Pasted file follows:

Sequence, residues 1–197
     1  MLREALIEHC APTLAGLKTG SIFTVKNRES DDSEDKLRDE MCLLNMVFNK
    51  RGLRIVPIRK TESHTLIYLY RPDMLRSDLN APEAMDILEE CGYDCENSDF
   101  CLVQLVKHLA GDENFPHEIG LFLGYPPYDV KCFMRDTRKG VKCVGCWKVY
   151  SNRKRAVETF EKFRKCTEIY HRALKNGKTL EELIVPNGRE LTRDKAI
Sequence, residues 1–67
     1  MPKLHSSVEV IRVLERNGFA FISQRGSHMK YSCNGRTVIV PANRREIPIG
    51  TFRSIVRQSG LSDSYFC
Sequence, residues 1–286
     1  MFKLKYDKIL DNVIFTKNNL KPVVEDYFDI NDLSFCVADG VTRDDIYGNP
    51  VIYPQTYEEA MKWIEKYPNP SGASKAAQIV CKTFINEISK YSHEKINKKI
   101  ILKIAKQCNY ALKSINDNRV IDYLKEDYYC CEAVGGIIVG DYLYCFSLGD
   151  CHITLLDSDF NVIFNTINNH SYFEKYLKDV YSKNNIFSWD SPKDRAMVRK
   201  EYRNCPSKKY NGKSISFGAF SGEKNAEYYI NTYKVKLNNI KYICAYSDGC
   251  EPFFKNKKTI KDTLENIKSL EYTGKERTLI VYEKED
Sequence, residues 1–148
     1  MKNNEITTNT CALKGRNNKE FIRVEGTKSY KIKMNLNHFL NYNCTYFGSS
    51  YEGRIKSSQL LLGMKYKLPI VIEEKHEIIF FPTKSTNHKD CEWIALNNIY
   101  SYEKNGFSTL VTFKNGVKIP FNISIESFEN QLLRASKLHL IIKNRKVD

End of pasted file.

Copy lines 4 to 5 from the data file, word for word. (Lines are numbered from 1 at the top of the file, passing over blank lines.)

   101  CLVQLVKHLA GDENFPHEIG LFLGYPPYDV KCFMRDTRKG VKCVGCWKVY
   151  SNRKRAVETF EKFRKCTEIY HRALKNGKTL EELIVPNGRE LTRDKAI